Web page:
Memorias Madrileñas

Programs for this blog post

Honors Spanish Language & Culture

Authored By:

Nicoletta Feldman

A note from the PL: As we say goodbye to Madrid, this week's blog post is a guest post from my student, Kingsley, who wrote about his experience in Spain. I hope you enjoy reading it as much as I did! - Nicoletta


This summer, I lived in Madrid for four weeks. Starting the exchange, I was convinced that these four weeks would be the longest I had ever experienced. In retrospect, those were honestly the shortest of my life. 

The day before my flight out, I was terrified and felt a lot of emotions. Internally, I likely was very excited, but the idea of living independently, with only a host family, and living exclusively in Spanish was daunting, to say the least. But now, as I sit here writing this, I feel those same feelings, but this time, I don't want to go home.

The first week here in Madrid was very fast. My only goal was to make friends and to get oriented. I remember only bits and fragments from that week, and most of it remains in a blur-like state. I was quick to go home after school each day and to the sanctuary of my room. 

The second week was the first week I got out of the house. Rather than rushing to take the first bus home, I would decide if I wanted to go out with friends that night, or if I wanted to relax. I often chose to go out. This week gave me an abundance of opportunities to practice my Spanish, and to meet new people. When the day trip to Segovia rolled around at the end of the week, it began to dawn on me that we were already halfway through the week. I doubted the validity of this idea since it felt as if I had only just gotten here. 

By the third week, it felt imperative to me to make the most of every night. This week was when I had the longest days. I would spend the time after school with friends, and then rush home in time for dinner. Whatever spare time I had, the bus, in particular, was spent finishing up my project. This week, the whole weekend was spent in Valencia, laying on beaches, or learning more about the Valencian culture. 

And then we arrive at the fourth week. This week, like most others, has felt like a blur. After School evenings have been scrambled into last-ditch efforts to go spend time with friends, and I was often left rushing home to meet curfew. This week has been a time for reflection and a time to ponder the ins and outs of this experience.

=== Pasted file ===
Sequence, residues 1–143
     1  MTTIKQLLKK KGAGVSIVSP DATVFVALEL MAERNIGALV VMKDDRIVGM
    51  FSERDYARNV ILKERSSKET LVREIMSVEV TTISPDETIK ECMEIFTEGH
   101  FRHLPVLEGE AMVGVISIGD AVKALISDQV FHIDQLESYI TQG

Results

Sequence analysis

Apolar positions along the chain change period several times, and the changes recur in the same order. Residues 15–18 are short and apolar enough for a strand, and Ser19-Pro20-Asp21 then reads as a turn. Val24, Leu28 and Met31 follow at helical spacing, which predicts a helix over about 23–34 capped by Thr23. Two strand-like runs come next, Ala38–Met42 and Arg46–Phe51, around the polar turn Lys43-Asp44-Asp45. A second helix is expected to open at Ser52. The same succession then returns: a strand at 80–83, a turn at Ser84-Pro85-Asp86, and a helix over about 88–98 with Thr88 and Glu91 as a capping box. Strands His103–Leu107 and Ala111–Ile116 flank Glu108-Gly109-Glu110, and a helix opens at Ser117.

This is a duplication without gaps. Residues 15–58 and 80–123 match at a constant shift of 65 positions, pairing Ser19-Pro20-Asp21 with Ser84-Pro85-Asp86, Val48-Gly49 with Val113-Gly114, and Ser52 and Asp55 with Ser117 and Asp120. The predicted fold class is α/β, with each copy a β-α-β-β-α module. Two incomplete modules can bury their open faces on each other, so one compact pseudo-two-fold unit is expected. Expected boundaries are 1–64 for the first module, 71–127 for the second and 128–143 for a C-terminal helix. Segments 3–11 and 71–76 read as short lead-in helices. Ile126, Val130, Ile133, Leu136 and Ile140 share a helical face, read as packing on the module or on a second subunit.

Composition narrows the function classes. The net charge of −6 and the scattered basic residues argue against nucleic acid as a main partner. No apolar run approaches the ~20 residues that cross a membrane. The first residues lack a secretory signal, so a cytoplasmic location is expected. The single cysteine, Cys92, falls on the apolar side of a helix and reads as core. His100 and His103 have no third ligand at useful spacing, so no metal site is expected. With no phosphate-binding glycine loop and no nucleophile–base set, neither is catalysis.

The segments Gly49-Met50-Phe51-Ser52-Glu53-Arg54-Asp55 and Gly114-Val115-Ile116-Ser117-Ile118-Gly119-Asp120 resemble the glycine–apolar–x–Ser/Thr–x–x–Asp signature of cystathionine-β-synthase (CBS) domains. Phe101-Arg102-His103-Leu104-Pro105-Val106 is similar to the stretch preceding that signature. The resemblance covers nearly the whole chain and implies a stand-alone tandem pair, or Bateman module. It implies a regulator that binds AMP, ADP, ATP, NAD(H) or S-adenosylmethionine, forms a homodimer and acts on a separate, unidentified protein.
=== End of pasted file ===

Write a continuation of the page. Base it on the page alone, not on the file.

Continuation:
One of the most grounding moments for me was sitting at a rooftop restaurant with my friends. We had organized this night to be our ‘Going away celebration dinner’. The building had 360-degree views, so from 10 stories up, you could see all of Madrid, from downtown Gran Via to the faraway neighborhoods of Argüelles and Salamanca. But what struck me the most was how quickly the bustling city turned into rolling hills and countryside. When in the city, strolling through the streets, I never really thought about how Madrid was a city, located in the center of Spain, and there was no extreme geography to border the city. Beyond the outer neighborhoods, it was just farmland. 

That night, for me, served as a metaphor for how fast these weeks have flown by. When in the moment, week to week, I always told myself I could see friends tomorrow, or do something later. When walking the streets of Madrid, it felt infinite. I could take the metro for twenty minutes and still be downtown. But from up there, I realized very quickly that it was all an illusion of sorts. The fast pace of life, and living in the moment distorts how we see things, and each day feels slow, but the weeks fly by. 

This experience, beyond the abundance of improvement I saw with my Spanish, helped me interact with a different culture, and to be a part of it. I would recommend, to anyone who has an interest, to do this program. I would recommend pushing yourself like I did and immersing yourself in a new culture and language. The final idea I am going to take back with me is how fast the times change, and to seize the moment, before it flutters away. By Kingsley Burch